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Worsening dyspnea in pregnancy

February 7, 2015 Leave a comment

Welcome to a new week of #Gasclass! This week you’re in the anesthesia pre-admission clinic.

The obstetrician has referred a patient for consideration of induction of labour because of worsening shortness of breath in the last few weeks of pregnancy. She is a 34 yo. G5P4 with 3 previous C-sections (first one was for fetal distress).  She is currently at 30 weeks gestational age.

How would you assess this patient?

She has had 3 previous C-sections under neuraxial with no significant issues.  The last one was 10 years ago.  She reports having worsening dyspnea on exertions, orthopnea and PND.  She has trouble sleeping flat and has taken to using 2 pillows. She reports no other significant medical issues on review of systems except for a history of rheumatic fever as a child in her home country.

On examination, she is speaking in 4-5 word sentences, HR 115 irregularly irregular, BP 100/60, SpO2 92% on room air.  Her JVP is 5cm above the sternal angle, and there is a loud opening snap with diastolic murmur.  She has crackles bilaterally and pedal edema.

Blood work shows mild elevations in her LFTs, but otherwise within normal limits.

You decide to order an ECG and CXR for this patient.

ECG shows atrial fibrillation with right sided strain.

CXR shows mild-moderate pulmonary edema.

You want to order an urgent echocardiogram but the patient lives far away and wants to go home to look after her kids.

Is it okay to let her go home and come back for the echocardiogram?

You counsel her that it is not safe for her to go home right now because she is showing signs and symptoms of pulmonary edema.  If this is due to mitral stenosis from rheumatic heart disease, then it can worsen very quickly.  You’ve pulled some strings for the echo to be done today, and as she is leaving the clinic she turns around and says “Oh by the way, the last few c-sections the anesthesiologists made a big deal of potentially needing a blood transfusion, but I’ve recently converted to Jehovah’s Witness and I must refuse any blood products.”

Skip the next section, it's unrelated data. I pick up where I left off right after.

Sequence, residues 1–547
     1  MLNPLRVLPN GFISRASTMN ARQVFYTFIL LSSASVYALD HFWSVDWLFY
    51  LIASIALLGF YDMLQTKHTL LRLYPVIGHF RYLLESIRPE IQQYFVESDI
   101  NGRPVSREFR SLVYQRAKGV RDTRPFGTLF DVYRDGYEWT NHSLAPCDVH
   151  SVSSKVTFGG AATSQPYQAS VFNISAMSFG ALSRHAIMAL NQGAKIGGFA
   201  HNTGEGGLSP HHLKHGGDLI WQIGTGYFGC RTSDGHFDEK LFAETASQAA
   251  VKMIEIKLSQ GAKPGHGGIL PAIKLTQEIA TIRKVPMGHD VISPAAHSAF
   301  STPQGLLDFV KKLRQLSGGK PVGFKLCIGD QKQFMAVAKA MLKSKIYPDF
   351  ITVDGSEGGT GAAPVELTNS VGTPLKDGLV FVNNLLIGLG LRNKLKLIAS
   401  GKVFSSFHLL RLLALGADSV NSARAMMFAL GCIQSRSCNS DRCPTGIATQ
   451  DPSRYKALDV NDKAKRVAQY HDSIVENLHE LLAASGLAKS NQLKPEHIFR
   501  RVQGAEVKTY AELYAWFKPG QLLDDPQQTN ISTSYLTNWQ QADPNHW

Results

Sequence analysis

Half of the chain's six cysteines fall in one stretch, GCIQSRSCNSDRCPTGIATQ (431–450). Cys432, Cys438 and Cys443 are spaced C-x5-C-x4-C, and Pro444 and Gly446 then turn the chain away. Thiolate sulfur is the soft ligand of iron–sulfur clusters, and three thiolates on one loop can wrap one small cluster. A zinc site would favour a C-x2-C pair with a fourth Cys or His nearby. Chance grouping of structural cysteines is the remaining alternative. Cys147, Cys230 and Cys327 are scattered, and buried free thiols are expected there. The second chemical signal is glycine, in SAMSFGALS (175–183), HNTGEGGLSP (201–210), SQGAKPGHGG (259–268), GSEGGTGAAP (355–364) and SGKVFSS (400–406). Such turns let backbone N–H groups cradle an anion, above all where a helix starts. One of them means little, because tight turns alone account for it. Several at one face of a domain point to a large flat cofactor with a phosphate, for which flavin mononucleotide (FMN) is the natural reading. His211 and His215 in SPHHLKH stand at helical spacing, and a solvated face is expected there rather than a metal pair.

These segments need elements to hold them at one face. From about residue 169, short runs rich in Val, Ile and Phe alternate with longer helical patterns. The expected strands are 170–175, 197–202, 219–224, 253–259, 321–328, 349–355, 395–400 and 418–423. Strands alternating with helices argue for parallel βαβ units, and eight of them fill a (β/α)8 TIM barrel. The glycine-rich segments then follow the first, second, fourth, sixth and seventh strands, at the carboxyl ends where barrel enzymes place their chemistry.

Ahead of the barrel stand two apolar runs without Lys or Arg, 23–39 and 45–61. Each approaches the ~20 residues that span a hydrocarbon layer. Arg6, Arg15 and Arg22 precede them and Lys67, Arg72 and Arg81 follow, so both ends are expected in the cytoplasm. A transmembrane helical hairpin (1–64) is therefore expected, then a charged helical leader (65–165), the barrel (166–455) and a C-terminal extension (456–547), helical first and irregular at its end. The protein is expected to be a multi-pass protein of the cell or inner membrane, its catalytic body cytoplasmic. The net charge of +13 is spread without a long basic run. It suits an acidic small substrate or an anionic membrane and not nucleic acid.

How would you counsel her now? Does this complicate your other considerations for the 4th c-section?

You’re worried because she has a high risk for placenta accreta/increta and she is at risk for significant post-partum hemorrhage.  You discuss various transfusion options and which ones she would accept.  She says she will think about it and discuss it with her Elder before getting back to you.

An echo is completed today and it shows moderate mitral stenosis with preserved LV function, dilated LA, and RVSP of 50 mmHg.  It could not conclusively say if there was any thrombus in the left atrial appendage.

Would you consult any other services at this point? How would you formulate your anesthetic plan for this patient?

This is a very high risk patient and you arrange for a complex case conference between anesthesia, obstetrics, cardiology, cardiac surgery, neonatology, hematology and transfusion medicine, interventional radiology and bioethics.

You agree to a plan for elective section.  She will be admitted to the antenatal ward with telemetry.  She will be started on diuretics and beta-blockers for her pulmonary edema and mitral stenosis.  Anticoagulation will be started with treatment-doses of low molecular weight heparin.  She will be given celestone injections for fetal lung maturation and be placed on bed rest with supplemental oxygen (which may help decrease pulmonary pressures).

The plan is to undergo elective c-section at 34-36 weeks as long as she tolerates it.  Some of your anesthetic considerations are:

  • pregnant patient: two patients, aortocaval compression, rapid desaturation, “full stomach”
  • moderate mitral stenosis with atrial fibrillation, likely some pulmonary hypertension and pulmonary edema
    • sinus rhythm is ideal but need to anticoagulate for potential thrombus and will need TEE to verify before cardioversion anyway